Of course, this relieves stress from the management by putting the stress instead onto the SREs. This, in turn, can require employers to find ways to keep those stressed-out workers healthy and well, so the workforce can operate at peak efficiency. Some companies do this better than others, but the trend is to recognize the value of taking care of busy workers who are taking care of business!
The name “Site Reliability Engineer” gives us a few clues about the type of people who work in this field. They enjoy working on websites, an interest most SREs developed in their youth. They’re responsible for ensuring sites are “reliable,” meaning everything works how it should when it should. Thus workers themselves should be reliable, which is another characteristic often honed in one’s early years.
Such persons like to be punctual and prepared and likely did well academically. Indeed, to be an engineer of any type usually requires strong academic aptitudes, particularly in math and science, of course. One of the interesting things about this field, though, is how many soft skills come into play.
An SRE needs to be a people person, someone comfortable working with teams, and able to foster collaboration between those teams. As a result, they may have held leadership positions in school, or perhaps simply had a lot of siblings to contend with! SREs are efficiency experts, trained to find ways to make things better by studying problems and determining solutions based on their research. This requires a creative yet analytical mindset as if both hemispheres of the brain are working in tandem. It’s possible many SREs are ambidextrous or adept at playing musical instruments.
- Site Reliability Engineers need a bachelor's degree, preferably in Computer Science or a related area
- There isn’t a set path to becoming an SRE. Some workers enter through an internship; others might do a bootcamp, then develop skills while doing other IT jobs while practicing other skills on their own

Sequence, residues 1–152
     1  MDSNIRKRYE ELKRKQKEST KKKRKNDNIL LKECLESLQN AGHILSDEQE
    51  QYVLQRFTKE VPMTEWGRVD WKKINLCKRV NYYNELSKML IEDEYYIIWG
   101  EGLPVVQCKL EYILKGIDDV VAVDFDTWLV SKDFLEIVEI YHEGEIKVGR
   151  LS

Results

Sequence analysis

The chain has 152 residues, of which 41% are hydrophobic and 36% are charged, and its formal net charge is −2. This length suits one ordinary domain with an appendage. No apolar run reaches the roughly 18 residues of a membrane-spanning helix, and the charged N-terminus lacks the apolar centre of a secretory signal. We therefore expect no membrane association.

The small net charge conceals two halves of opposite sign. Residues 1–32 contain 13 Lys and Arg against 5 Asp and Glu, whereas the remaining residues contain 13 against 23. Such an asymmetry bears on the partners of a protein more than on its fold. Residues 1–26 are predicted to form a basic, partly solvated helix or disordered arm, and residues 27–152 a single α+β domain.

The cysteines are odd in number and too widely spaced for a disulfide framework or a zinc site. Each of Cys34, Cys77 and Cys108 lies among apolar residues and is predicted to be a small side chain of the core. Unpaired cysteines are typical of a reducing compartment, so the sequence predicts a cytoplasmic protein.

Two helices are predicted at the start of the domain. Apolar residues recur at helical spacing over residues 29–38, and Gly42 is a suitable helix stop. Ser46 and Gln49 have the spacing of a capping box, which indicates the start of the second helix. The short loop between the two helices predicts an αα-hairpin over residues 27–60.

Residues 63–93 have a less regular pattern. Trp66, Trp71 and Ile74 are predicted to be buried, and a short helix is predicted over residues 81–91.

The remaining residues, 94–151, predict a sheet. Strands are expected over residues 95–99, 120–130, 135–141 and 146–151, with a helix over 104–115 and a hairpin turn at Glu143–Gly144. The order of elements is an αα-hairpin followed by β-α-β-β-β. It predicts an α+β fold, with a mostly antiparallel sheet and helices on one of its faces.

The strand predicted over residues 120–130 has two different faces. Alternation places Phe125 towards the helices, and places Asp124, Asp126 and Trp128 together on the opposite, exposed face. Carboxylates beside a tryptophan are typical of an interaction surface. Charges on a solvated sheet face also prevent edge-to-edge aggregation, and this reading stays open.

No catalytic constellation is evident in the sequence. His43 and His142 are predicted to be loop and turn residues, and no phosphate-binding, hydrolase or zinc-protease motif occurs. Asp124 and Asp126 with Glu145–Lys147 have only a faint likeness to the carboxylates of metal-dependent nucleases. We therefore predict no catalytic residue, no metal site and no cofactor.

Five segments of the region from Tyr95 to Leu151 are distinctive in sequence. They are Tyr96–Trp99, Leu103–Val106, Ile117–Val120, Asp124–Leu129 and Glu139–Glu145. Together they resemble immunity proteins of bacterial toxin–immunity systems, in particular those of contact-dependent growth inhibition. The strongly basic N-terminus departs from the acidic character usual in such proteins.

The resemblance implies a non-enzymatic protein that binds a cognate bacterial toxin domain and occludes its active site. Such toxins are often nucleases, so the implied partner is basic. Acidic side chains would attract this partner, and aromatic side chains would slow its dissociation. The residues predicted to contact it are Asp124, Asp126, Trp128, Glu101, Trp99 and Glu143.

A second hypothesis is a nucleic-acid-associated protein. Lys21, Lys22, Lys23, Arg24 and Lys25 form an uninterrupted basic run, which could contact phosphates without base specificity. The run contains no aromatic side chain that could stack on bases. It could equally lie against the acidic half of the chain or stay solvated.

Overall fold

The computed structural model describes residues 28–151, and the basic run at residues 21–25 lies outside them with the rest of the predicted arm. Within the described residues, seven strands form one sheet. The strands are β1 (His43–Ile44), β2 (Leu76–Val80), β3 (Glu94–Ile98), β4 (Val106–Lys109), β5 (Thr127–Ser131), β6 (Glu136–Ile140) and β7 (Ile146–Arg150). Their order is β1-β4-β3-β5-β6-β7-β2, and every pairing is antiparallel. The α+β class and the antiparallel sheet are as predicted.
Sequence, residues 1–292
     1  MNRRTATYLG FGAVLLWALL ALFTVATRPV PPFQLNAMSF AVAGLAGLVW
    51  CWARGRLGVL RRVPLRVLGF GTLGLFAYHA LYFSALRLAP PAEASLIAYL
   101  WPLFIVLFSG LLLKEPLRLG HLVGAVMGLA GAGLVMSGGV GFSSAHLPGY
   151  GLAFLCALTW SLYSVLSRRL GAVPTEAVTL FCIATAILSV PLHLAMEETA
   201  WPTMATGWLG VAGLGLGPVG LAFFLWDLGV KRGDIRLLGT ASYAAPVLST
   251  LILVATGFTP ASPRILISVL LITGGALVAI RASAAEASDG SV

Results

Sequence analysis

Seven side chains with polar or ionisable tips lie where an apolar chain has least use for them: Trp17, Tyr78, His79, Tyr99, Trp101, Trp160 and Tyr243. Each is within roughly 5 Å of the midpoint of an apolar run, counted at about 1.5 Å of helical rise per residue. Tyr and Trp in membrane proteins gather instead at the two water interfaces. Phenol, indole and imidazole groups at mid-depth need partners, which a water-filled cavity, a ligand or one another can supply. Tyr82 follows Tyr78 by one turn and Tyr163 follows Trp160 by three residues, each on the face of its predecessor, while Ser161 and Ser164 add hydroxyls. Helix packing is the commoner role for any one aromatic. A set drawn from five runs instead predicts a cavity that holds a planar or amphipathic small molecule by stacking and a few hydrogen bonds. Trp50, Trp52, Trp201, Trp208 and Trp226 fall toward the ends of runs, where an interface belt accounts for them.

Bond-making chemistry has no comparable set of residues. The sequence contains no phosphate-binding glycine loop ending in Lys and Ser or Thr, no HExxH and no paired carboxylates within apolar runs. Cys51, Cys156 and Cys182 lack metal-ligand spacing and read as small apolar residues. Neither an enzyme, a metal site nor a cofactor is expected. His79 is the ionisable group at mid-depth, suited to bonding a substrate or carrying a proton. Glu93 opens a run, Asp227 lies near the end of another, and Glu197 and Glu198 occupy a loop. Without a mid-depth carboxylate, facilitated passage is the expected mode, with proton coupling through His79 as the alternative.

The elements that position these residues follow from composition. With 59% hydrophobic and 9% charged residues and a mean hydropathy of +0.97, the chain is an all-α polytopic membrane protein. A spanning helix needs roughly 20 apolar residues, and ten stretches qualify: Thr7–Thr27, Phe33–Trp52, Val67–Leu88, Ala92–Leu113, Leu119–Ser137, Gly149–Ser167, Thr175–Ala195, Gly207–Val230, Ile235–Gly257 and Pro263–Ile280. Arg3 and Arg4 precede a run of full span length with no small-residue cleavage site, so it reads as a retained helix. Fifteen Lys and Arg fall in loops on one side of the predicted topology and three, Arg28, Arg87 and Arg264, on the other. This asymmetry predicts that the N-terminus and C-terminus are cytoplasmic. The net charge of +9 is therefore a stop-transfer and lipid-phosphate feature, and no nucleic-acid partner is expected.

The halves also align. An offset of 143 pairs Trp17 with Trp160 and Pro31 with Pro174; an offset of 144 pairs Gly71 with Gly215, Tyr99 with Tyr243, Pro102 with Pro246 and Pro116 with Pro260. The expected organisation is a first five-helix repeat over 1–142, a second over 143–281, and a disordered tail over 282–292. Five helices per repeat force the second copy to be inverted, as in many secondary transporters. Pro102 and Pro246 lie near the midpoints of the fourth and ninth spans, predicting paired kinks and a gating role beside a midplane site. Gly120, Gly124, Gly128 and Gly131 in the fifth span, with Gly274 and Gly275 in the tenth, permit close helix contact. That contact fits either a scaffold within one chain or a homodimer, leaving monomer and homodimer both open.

- Ample work experience is a key requirement of most employers (many SRE employees first work in DevOps, sysadmin, or as developers or software engineers)
- Classes to become familiar with Java, Python, Ruby, or C++, as well as Linux, Kubernetes, and MySQL
- Courses to build soft skills in English, writing, speaking, teamwork, and leadership
- Optional certifications include:
- American Society for Quality’s Reliability Engineer Certification
- DevOps Institute’s SRE Foundation Certification
- CompTIA’s Linux+ Certification
- Learn on your own by taking courses on:
- edX - Introduction to DevOps and Site Reliability Engineering
- Lynda (from LinkedIn) - DevOps Foundations: Site Reliability Engineering
- Udemy - An Introduction to Reliability Engineering
- Coursera - Site Reliability Engineering: Measuring and Managing Reliability
- Note, the same course also offered at Pluralsight
- Much of what you’ll need to know to be a successful Site Reliability Engineer will be learned outside of your college program!
- Ideally, look for programs offering courses in the areas listed above
- Read faculty bios to see what their areas of expertise and backgrounds are
- What types of student clubs and organizations are available? Many soft and technical skills are most effectively learned through ample peer interactions
- Ensure the school is accredited
- Look for programs that publish post-graduation job stats and have a solid track record
- Weigh the pros and cons of enrolling in an online program. On-campus engagement is very beneficial for building soft skills, so sometimes a hybrid program is beneficial
U.S. News & World Report’s Best Computer Science Programs can help you get started, but don’t rely only on one ranking. You don’t want to miss out on good opportunities, so we recommend considering lists such as Great Value College’s 50 Great Affordable Colleges for Computer Science and Engineering for 2020 or Best Value School’s Top 25 Computer Science Programs With the Best Return on Investment.
College can get outrageously expensive, but keep in mind that many employers are very practical. They may be more interested in your hard technical skills than which school you graduated from. In other words, simply having a degree from a costly private college isn’t going to guarantee a job in this line of work. Focus on taking specific classes needed to build skills, and get as much hands-on experience as possible.
- As mentioned, there’s no single path to becoming an SRE, so map out a few options
- Look at job postings from companies you’d like to work for. Pay attention to required work and academic experiences, then reverse-engineer a career path to get there
- In high school, build a solid foundation by taking as many IT electives as possible